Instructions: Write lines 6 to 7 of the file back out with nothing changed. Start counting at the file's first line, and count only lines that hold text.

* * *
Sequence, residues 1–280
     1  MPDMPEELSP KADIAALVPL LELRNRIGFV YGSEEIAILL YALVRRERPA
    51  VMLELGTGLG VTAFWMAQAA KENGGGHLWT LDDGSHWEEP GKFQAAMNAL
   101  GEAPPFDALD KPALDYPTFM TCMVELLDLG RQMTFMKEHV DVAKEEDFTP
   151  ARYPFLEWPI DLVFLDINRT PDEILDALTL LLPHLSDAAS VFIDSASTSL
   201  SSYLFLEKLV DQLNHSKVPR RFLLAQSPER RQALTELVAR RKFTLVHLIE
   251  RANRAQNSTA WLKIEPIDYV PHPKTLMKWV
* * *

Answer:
   201  SSYLFLEKLV DQLNHSKVPR RFLLAQSPER RQALTELVAR RKFTLVHLIE
   251  RANRAQNSTA WLKIEPIDYV PHPKTLMKWV